Kiss Me Like a Stranger: My Search for Love and Art

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HarperCollins Publishers Limited, 2005 - 261 páginas
Gene Wilder defined film comedy in the 1970s and '80s, starring in movies ranging from The Producers to Blazing Saddles and See No Evil, Hear No Evil. Kiss Me Like a Stranger is an intelligent, quirky, humorous account of key events that have affected him - as the subtitle puts it, it is his search for love and art. In this very personal, fascinating book, Wilder gives a great insight into the creative process on stage and screen. He discusses his experiences of working with the very best of movie talent, including Mel Brooks, Woody Allen, Sidney Poitier and Richard Pryor, and tells how he developed his own unique style from his early days at The Actors' Studio with Lee Strasberg. Amongst other incidents, he describes his time in the UK, which he has great fondness for, studying at the Old Vic Theatre School in Bristol. During this period he came top of his class at fencing and doorstepped Sir John Geilgud to ask him to explain the use of iambic pentametre.

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LibraryThing Review

Crítica de los usuarios  - maneekuhi - LibraryThing

I'm a huge fan of "Young Frankenstein" (YF) and I like "The Producers very, very much. I think Wilder was just perfect in both movies. So I was more than a little predisposed to a very good review of ... Leer comentario completo

LibraryThing Review

Crítica de los usuarios  - dawndowney - LibraryThing

I love Gene Wilder, but I've read only a quarter of this book. He chronicles his life, year by year, production by production, but I'm disappointed. I prefer a memoir that offers insights about the ... Leer comentario completo

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Acerca del autor (2005)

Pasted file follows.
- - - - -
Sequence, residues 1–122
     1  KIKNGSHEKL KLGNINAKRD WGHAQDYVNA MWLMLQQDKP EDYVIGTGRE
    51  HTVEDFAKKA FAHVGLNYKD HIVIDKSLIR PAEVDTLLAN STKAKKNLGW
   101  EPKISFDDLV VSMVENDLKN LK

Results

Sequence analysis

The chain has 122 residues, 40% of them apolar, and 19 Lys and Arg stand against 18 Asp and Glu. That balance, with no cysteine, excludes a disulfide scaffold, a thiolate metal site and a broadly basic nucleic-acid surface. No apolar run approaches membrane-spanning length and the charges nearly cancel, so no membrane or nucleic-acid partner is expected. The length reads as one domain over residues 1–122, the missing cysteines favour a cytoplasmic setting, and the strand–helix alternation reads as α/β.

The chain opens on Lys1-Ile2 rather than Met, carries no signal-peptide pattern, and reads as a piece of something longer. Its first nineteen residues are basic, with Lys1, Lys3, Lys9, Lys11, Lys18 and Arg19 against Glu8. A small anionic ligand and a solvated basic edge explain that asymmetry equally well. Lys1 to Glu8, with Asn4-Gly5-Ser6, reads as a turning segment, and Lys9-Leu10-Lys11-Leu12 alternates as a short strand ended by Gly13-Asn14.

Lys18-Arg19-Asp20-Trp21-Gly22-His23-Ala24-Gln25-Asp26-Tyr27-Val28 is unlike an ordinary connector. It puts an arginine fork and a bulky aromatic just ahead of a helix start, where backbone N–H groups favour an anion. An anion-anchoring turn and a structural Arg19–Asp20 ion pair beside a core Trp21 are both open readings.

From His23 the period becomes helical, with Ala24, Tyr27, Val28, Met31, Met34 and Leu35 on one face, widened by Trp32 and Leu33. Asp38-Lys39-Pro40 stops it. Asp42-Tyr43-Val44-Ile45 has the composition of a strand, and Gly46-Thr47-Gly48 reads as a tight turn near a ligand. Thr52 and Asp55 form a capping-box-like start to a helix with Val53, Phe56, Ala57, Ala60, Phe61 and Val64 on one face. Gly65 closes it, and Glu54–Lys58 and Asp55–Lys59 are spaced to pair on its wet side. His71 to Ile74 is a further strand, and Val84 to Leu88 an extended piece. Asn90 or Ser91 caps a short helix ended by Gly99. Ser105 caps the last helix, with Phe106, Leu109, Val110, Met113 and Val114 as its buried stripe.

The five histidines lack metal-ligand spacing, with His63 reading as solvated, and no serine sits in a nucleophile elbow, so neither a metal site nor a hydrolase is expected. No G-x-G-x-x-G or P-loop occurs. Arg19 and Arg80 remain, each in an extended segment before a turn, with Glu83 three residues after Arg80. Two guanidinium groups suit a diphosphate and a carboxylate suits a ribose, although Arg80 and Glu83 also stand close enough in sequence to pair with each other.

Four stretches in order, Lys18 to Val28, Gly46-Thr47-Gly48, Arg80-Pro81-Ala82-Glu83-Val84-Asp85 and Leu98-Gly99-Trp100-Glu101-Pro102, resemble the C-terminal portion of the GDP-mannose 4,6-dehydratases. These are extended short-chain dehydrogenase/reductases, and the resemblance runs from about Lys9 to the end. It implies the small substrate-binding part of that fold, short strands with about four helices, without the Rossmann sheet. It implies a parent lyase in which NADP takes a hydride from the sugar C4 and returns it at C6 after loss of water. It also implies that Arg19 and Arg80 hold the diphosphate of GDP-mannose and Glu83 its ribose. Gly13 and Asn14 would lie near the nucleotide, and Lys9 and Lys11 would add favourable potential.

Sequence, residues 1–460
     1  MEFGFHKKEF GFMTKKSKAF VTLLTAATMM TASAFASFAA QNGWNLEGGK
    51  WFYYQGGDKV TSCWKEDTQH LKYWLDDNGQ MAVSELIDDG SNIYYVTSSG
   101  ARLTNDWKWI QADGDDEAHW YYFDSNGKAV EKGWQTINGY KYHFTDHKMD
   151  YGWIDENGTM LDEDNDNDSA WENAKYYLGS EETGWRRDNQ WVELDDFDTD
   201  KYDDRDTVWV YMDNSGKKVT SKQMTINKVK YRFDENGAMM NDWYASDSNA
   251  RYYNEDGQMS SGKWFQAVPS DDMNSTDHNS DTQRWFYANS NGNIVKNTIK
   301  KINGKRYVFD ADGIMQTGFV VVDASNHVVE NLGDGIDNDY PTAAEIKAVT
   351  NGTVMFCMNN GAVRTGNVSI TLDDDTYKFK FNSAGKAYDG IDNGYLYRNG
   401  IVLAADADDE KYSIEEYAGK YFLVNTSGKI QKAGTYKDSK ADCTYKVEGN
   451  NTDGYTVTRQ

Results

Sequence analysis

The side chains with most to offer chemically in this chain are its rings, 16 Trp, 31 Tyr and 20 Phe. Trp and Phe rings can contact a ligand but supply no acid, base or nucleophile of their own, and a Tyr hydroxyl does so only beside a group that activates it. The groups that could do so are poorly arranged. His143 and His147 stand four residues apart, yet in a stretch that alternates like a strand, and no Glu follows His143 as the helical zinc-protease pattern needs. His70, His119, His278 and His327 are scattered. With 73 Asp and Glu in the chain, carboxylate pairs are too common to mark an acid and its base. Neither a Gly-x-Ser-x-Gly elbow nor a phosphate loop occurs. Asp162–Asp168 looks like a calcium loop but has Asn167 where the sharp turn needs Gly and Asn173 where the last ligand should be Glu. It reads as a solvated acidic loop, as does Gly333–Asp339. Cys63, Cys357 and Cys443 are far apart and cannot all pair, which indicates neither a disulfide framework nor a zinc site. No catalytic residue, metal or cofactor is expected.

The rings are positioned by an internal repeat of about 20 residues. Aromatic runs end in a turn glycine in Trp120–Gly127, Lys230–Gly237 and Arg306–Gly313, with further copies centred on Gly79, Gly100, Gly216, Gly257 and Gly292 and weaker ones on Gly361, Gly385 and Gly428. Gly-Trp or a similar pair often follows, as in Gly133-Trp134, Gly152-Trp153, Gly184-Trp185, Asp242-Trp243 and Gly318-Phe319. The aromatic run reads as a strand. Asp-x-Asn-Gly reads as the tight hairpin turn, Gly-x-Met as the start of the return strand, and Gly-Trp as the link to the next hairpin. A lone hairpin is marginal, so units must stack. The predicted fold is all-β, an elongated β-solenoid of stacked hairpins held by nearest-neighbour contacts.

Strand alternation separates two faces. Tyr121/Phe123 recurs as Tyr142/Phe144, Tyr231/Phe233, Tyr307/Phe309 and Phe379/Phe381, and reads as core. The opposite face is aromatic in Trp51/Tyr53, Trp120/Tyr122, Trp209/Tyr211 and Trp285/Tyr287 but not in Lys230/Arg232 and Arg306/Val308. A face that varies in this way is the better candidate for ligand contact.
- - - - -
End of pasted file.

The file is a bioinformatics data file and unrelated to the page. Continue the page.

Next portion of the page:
Gene Wilder was born Jerome Silberman in Milwaukee, Wisconsin on June 11, 1933. He studied theater at the University of Iowa, at the Bristol Old Vic Theater School in England, and at the HB Studio in New York. He served a two-year Army stint as an aide in the psychiatric unit of the Valley Forge Army Hospital in Pennsylvania. After his discharge, he won a coveted spot at the Actors Studio. He became a stage actor, screenwriter, novelist, and the director of four movies in which he starred. His first major role on Broadway was the chaplain in a 1963 production of Bertolt Brecht's Mother Courage and Her Children. In 1967, he made his movie debut as an undertaker in Bonnie and Clyde. He went on to appear in numerous movies including The Producers; Willy Wonka and the Chocolate Factory; Everything You Always Wanted to Know About Sex but Were Afraid to Ask; Blazing Saddles; Young Frankenstein; Silver Streak; Stir Crazy; See No Evil, Hear No Evil; Another You; and Hanky Panky. In 1999, he was a writer for two TV movies in which he starred Murder in a Small Town and The Lady in Question. In 2003, he won an Emmy for his guest starring role in an episode of Will and Grace. He retired from acting soon afterward. His third wife, actress Gilda Radner, died of ovarian cancer in 1989. In her memory, he co- founded an ovarian cancer detection center in her name, in Los Angeles, and Gilda's Club, a network of support centers for women with cancer. He also contributed to a book entitled Gilda's Disease with Dr. M. Steven Piver. His memoir, Kiss Me Like a Stranger: My Search for Love and Art, was published in 2005. His first novel, My French Whore, was published in 2007. His other books included The Woman Who Wouldn't, Something to Remember You By, and What Is This Thing Called Love? He died from complications of Alzheimer's disease on August 29, 2016 at the age of 83.

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